The treatment for UTIs is usually antibiotics and because of this UTIs are a large driver of antibiotic prescriptions.

In addition to misuse and overuse in humans, there is also significant use of antibiotics in livestock.

Antibiotic resistance is becoming more common

In 2011 the Infectious Disease Society of America published guidelines on the recommendations for treating uncomplicated UTIs which included recommending specific antibiotics. However, resistance to these antibiotics is becoming more common. These guidelines are currently being revised and it will be interesting to see how the new guidelines address the issues of resistance and antibiotic overuse.

In addition to misuse and overuse in humans, there is also significant use of antibiotics in livestock. Antibiotics are often used to promote growth and wellbeing in livestock and it has been estimated that this accounts for 80% of antibiotic use in the US. Antibiotic resistance that develops in livestock can then spread to humans that consume the meat and through the environment (5).

In addition to misuse and overuse in humans, there is also significant use of antibiotics in livestock.

Reducing antibiotic resistance is going to take effort from many people and organizations.

Steps to combat antibiotic resistance

The way to combat this involves drastically altering the way that we use antibiotics and there are many changes that are needed. Decreasing the use of antibiotics in livestock could reduce our overall use of antibiotics. Cutting back on the use of antibiotics to treat viruses like a cold is very important because antibiotics do not treat viruses, so it has risks with no benefit. Reducing the number of antibiotic prescriptions for UTIs can also help. For a more in-depth discussion on non antimicrobial options to address UTI symptoms read my previous article here. Even better than finding other ways to treat UTIs is using non antibiotic options to prevent getting the UTI in the first place.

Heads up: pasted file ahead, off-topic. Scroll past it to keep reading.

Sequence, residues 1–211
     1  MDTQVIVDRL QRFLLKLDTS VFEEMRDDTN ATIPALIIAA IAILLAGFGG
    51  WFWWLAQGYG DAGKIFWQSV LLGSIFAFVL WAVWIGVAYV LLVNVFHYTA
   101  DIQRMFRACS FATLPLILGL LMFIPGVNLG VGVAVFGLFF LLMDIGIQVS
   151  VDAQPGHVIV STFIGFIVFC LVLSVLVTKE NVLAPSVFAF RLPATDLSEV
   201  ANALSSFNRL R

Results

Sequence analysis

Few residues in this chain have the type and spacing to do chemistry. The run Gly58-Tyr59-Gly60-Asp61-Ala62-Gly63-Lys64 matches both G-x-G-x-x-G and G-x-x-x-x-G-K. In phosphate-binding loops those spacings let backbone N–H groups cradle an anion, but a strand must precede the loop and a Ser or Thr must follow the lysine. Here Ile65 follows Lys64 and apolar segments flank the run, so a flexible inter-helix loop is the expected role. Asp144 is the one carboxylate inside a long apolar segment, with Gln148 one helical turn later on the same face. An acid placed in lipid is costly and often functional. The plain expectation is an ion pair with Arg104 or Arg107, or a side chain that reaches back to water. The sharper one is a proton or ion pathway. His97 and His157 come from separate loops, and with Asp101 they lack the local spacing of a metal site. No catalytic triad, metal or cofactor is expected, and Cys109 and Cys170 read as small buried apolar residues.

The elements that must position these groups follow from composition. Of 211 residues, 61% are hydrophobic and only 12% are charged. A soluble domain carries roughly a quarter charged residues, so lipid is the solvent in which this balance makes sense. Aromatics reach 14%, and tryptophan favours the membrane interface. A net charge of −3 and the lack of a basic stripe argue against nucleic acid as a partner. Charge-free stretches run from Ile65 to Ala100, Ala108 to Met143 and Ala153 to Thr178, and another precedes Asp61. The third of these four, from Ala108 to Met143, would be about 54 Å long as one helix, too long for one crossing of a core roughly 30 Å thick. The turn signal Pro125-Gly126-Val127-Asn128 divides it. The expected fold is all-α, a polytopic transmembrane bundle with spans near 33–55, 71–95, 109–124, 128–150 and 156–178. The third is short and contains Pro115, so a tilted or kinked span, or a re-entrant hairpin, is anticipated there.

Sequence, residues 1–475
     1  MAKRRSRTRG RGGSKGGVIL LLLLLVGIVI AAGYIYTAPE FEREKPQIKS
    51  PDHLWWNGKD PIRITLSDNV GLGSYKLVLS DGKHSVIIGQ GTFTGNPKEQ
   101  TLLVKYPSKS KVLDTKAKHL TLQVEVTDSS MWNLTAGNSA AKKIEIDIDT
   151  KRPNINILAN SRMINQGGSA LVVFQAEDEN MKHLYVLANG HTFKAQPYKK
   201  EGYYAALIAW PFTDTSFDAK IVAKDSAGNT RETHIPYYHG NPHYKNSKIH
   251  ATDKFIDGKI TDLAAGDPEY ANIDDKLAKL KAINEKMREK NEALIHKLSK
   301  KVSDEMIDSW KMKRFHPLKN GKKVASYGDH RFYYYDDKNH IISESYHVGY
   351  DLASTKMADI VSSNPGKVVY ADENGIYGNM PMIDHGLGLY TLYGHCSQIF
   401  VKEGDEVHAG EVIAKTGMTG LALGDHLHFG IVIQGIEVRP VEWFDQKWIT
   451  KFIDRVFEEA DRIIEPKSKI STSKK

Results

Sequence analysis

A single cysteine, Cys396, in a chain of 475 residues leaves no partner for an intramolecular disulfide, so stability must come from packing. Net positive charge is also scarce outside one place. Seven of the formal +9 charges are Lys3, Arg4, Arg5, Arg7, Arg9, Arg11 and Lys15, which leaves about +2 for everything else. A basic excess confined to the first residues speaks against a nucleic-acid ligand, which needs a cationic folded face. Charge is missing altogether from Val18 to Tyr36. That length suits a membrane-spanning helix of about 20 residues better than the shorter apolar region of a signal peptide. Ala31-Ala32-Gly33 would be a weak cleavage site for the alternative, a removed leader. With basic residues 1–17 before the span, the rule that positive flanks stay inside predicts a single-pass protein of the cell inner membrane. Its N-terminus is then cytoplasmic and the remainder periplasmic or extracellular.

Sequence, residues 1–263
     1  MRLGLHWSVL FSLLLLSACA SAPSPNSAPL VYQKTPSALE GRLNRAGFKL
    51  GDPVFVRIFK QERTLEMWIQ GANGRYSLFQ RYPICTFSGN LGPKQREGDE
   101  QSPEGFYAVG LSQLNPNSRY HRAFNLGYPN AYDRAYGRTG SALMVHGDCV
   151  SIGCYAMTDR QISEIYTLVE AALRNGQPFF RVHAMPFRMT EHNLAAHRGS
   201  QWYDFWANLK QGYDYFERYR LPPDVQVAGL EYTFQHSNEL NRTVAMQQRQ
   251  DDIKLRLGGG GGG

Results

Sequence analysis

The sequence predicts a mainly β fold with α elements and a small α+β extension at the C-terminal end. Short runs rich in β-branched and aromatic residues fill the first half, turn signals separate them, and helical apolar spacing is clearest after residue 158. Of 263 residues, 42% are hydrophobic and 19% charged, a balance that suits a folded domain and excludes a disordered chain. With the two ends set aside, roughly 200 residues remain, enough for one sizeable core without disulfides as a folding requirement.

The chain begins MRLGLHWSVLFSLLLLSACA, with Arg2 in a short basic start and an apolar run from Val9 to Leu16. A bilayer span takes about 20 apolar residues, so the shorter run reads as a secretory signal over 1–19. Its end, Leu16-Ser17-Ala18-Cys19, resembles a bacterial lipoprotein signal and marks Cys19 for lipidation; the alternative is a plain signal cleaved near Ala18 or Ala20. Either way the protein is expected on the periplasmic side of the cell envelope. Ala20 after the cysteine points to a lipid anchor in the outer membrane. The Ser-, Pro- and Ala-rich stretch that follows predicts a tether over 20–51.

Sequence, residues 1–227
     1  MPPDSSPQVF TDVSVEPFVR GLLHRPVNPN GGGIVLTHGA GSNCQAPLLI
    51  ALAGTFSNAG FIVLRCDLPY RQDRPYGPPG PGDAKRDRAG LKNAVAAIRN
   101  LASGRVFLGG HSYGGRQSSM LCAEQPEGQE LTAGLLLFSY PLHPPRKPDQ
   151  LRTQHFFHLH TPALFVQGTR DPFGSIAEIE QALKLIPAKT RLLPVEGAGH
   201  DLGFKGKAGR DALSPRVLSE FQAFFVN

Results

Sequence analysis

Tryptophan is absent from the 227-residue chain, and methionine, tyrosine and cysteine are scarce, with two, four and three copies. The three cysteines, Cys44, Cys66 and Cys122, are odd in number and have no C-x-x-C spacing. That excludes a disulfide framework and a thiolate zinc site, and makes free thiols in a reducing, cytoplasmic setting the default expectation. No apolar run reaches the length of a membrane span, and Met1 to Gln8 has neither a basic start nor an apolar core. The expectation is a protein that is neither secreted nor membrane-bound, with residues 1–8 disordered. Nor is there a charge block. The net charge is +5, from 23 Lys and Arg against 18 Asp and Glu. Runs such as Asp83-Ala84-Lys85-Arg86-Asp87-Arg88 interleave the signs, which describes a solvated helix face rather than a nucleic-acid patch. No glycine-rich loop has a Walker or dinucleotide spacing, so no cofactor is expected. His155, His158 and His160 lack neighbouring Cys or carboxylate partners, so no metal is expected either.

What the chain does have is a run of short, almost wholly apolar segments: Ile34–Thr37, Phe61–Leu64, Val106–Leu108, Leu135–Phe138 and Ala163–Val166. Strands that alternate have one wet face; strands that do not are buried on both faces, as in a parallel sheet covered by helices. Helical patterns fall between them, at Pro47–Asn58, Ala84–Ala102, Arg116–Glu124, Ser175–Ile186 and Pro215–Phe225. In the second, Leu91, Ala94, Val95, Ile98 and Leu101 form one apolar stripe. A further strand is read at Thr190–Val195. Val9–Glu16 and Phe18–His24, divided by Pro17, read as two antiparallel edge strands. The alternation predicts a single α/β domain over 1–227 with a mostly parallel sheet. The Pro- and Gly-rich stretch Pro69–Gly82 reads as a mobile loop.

Reducing antibiotic resistance is going to take effort from many people and organizations. The agricultural industry can address their practice of antibiotics in livestock, consumers can choose which products to buy, doctors can council their patients on appropriate and inappropriate use of antibiotics, and patients can be thoughtful about if and when they need an antibiotic. Given that this is a global issue, it will take international collaboration. Hopefully, increased awareness will inspire more people to take action.

Reducing antibiotic resistance is going to take effort from many people and organizations.

References

  1. Flores-Mireles AL, Walker JN, Caparon M, Hultgren SJ. Urinary tract infections: epidemiology, mechanisms of infection and treatment options. Nat Rev Microbiol. 2015 May; 13(5):269-84.
  2. Mahmoud A. Mohammed, Tarig M.S. Alnour, Osama M. Shakurfo, Mariam M. Aburass, Prevalence and antimicrobial resistance pattern of bacterial strains isolated from patients with urinary tract infection in Messalata Central Hospital, Libya, Asian Pacific Journal of Tropical Medicine, Volume 9, Issue 8, 2016, Pages 771-776.
  3. Critchley IA, Cotroneo N, Pucci MJ, Mendes R. The burden of antimicrobial resistance among urinary tract isolates of Escherichia coli in the United States in 2017. PLoS ONE 14(12): e0220265.
  4. Mihankhah A, Khoshbakht R, Raeisi M, Raeisi V. Prevalence and antibiotic resistance pattern of bacteria isolated from urinary tract infections in Northern Iran. J Res Med Sci. 2017;22:108. Published 2017 Sep 26.
  5. Ventola CL. The antibiotic resistance crisis: Part 1: Causes and threats. P T. 2015;40:277–83.

Spin to win